Magno Caterino Mahecha Lopez reaches over the boxes and bracelets to show me images on his computer - the Zenu women wrapping Cana Flecha palm, the homes which they have built from their earnings, the plants which burst open with dyes, bright and colorful.  We are concocting a new thing for ibu, something exciting I dare not talk about yet, but before we even begin, he wants me to understand the people behind the product. He wants me to know that the symbols on the cuffs are not decoration but identity - marks of a people and their pride, totemic signs full of memory.   He is not just selling me a cuff.  He is offering me a bridge to another world.

While you are reading news of a Bangladesh terrorist attack,  I am sitting in another hotel room with Mishael, who is telling me other news of his home in Bangladesh - news of Sona and other landless women, once the poorest of the poor, who are now cultivating acres of indigo, learning the mysteries of dyeing, cleaning up their water and sanitation, starting schools, stopping their abusive husbands in their tracts, with money in their hands.  He leans in, with urgency in his voice, and pride, as he delivers news of this year.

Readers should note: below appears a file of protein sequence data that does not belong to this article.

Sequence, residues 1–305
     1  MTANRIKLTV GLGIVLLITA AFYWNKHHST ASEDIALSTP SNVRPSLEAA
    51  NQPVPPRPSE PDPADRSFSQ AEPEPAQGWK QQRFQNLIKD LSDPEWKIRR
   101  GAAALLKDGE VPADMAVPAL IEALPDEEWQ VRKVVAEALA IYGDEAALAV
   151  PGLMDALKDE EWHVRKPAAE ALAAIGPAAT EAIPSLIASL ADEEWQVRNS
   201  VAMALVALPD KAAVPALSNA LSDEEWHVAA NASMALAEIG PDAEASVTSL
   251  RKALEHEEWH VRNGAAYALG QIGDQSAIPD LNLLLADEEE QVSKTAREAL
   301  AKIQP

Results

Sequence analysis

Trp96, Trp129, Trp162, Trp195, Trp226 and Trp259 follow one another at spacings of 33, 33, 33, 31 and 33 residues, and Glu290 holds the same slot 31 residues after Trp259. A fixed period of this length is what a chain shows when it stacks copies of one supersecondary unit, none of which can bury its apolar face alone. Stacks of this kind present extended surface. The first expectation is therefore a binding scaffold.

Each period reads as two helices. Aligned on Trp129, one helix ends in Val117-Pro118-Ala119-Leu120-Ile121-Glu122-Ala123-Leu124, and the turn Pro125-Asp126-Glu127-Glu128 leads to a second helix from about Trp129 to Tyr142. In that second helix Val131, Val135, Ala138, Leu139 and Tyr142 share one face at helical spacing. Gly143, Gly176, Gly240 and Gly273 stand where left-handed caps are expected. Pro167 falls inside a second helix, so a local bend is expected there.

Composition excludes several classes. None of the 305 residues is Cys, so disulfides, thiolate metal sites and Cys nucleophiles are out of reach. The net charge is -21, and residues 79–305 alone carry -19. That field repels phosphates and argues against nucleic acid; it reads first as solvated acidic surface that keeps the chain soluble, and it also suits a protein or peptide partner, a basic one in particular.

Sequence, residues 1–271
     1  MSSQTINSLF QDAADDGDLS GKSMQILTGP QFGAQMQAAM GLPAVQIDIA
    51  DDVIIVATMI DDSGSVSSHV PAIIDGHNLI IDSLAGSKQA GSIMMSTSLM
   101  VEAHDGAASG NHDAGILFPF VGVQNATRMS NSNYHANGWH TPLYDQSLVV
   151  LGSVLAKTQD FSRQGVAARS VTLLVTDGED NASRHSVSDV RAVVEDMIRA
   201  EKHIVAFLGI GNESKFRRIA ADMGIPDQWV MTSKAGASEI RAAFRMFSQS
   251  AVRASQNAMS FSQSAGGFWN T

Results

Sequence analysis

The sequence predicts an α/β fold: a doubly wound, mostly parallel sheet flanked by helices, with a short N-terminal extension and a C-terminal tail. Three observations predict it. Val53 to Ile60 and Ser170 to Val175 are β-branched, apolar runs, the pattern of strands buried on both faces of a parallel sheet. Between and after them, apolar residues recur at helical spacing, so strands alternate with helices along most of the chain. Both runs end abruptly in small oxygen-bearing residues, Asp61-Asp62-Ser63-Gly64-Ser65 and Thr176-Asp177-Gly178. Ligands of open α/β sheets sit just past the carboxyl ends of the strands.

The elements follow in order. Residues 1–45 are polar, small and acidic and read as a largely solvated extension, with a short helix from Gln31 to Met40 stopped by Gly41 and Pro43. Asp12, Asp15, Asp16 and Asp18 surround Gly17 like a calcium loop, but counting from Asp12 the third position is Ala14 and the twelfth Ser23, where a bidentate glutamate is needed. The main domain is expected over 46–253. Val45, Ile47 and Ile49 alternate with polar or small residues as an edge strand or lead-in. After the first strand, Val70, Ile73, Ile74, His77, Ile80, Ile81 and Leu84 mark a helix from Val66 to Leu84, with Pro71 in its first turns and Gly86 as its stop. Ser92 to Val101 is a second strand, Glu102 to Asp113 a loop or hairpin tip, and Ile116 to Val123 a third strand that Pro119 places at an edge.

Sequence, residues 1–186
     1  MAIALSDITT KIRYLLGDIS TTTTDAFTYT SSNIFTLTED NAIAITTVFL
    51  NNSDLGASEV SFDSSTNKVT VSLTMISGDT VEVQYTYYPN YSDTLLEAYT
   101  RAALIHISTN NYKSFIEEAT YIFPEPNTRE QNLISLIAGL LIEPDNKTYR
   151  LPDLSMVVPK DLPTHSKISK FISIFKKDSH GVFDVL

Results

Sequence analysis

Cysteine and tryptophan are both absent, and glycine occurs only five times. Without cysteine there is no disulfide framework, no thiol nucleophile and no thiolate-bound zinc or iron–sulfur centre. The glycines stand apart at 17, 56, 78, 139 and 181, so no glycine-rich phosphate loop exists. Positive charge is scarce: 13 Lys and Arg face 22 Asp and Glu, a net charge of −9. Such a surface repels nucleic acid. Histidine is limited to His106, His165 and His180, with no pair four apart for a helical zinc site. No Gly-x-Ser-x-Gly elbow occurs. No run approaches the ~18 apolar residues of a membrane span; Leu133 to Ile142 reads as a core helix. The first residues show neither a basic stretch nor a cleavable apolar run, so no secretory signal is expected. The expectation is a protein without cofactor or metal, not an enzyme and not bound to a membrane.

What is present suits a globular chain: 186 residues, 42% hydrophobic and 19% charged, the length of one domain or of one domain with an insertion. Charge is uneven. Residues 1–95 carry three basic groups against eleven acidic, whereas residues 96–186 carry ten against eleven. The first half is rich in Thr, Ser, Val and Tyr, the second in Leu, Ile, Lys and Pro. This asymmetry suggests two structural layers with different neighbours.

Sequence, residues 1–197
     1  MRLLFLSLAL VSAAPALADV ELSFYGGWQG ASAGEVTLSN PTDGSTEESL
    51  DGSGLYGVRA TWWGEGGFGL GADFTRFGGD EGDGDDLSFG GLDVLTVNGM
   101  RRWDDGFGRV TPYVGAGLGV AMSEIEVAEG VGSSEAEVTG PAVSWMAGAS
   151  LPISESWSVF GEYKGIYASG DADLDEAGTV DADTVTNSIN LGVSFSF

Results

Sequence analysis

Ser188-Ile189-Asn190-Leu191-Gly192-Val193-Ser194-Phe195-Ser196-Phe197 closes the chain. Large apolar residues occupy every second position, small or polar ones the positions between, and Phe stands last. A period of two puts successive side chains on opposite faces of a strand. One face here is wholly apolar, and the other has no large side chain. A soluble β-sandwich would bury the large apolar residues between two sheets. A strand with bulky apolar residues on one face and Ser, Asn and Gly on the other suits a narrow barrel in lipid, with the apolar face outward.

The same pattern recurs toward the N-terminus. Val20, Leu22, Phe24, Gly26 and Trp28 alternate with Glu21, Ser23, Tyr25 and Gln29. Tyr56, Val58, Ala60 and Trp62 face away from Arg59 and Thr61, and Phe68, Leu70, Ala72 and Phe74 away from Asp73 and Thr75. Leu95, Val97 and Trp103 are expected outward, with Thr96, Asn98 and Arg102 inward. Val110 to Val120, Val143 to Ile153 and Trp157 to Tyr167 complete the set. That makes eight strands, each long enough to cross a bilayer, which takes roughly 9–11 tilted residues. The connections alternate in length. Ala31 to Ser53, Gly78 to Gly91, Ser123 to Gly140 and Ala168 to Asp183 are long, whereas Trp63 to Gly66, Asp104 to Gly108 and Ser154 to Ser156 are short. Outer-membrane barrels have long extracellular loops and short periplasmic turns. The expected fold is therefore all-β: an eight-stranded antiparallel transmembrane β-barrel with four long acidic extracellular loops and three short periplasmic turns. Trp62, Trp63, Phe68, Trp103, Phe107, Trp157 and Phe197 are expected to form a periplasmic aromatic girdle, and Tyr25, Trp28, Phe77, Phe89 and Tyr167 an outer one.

While you hear of hundreds of South Sudanese killed in Juba over the weekend,  I am talking with Anyieth D'Awol, who started a center there where women from 19 tribes come to bead jewelry of their own native designs - together - even as the men in their families continue to fight one another.